Vision in the dimmest habitats on Earth

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Vision in the dimmest habitats on Earth. / Warrant, Eric.

I: Journal of Comparative Physiology A, Vol. 190, Nr. 10, 2004, s. 765-789.

Forskningsoutput: TidskriftsbidragÖversiktsartikel

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TY - JOUR

T1 - Vision in the dimmest habitats on Earth

AU - Warrant, Eric

PY - 2004

Y1 - 2004

N2 - A very large proportion of the world's animal species are active in dim light, either under the cover of night or in the depths of the sea. The worlds they see can be dim and extended, with light reaching the eyes from all directions at once, or they can be composed of bright point sources, like the multitudes of stars seen in a clear night sky or the rare sparks of bioluminescence that are visible in the deep sea. The eye designs of nocturnal and deep-sea animals have evolved in response to these two very different types of habitats, being optimised for maximum sensitivity to extended scenes, or to point sources, or to both. After describing the many visual adaptations that have evolved across the animal kingdom for maximising sensitivity to extended and point-source scenes, I then use case studies from the recent literature to show how these adaptations have endowed nocturnal animals with excellent vision. Nocturnal animals can see colour and negotiate dimly illuminated obstacles during flight. They can also navigate using learned terrestrial landmarks, the constellations of stars or the dim pattern of polarised light formed around the moon. The conclusion from these studies is clear: nocturnal habitats are just as rich in visual details as diurnal habitats are, and nocturnal animals have evolved visual systems capable of exploiting them. The same is certainly true of deep-sea animals, as future research will no doubt reveal.

AB - A very large proportion of the world's animal species are active in dim light, either under the cover of night or in the depths of the sea. The worlds they see can be dim and extended, with light reaching the eyes from all directions at once, or they can be composed of bright point sources, like the multitudes of stars seen in a clear night sky or the rare sparks of bioluminescence that are visible in the deep sea. The eye designs of nocturnal and deep-sea animals have evolved in response to these two very different types of habitats, being optimised for maximum sensitivity to extended scenes, or to point sources, or to both. After describing the many visual adaptations that have evolved across the animal kingdom for maximising sensitivity to extended and point-source scenes, I then use case studies from the recent literature to show how these adaptations have endowed nocturnal animals with excellent vision. Nocturnal animals can see colour and negotiate dimly illuminated obstacles during flight. They can also navigate using learned terrestrial landmarks, the constellations of stars or the dim pattern of polarised light formed around the moon. The conclusion from these studies is clear: nocturnal habitats are just as rich in visual details as diurnal habitats are, and nocturnal animals have evolved visual systems capable of exploiting them. The same is certainly true of deep-sea animals, as future research will no doubt reveal.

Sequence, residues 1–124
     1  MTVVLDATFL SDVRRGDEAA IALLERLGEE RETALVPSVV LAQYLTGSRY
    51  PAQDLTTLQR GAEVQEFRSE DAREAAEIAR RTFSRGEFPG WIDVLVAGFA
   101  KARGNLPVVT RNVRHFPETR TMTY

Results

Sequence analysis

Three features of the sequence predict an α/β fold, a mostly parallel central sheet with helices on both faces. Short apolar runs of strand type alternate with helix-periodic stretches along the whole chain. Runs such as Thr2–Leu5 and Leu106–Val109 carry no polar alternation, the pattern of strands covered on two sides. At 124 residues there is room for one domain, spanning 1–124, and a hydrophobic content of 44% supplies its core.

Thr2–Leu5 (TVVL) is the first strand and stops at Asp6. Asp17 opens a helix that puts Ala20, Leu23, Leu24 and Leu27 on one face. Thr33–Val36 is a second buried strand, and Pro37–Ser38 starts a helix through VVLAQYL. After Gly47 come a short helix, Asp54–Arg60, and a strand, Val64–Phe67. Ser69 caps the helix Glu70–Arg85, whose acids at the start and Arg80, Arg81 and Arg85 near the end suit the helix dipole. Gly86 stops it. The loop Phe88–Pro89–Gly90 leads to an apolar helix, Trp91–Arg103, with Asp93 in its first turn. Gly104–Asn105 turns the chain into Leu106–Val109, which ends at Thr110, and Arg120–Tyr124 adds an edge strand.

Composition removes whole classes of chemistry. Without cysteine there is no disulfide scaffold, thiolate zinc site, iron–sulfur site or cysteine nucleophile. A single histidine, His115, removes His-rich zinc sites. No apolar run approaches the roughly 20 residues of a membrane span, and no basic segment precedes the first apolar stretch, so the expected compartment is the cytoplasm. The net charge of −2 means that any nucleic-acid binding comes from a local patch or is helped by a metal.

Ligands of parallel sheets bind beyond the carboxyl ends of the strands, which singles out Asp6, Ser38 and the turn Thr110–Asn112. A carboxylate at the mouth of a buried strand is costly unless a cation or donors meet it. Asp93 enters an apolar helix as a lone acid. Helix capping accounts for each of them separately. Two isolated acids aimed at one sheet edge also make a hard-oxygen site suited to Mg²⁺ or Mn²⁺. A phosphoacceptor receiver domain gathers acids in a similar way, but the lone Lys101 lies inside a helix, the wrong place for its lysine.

KW - compound eye

KW - camera eye

KW - nocturnal vision

KW - deep-sea vision

KW - visual

KW - ecology

U2 - 10.1007/s00359-004-0546-z

DO - 10.1007/s00359-004-0546-z

M3 - Review article

VL - 190

SP - 765

EP - 789

JO - Journal of Comparative Physiology A: Neuroethology, Sensory, Neural, and Behavioral Physiology

JF - Journal of Comparative Physiology A: Neuroethology, Sensory, Neural, and Behavioral Physiology

SN - 1432-1351

IS - 10

ER -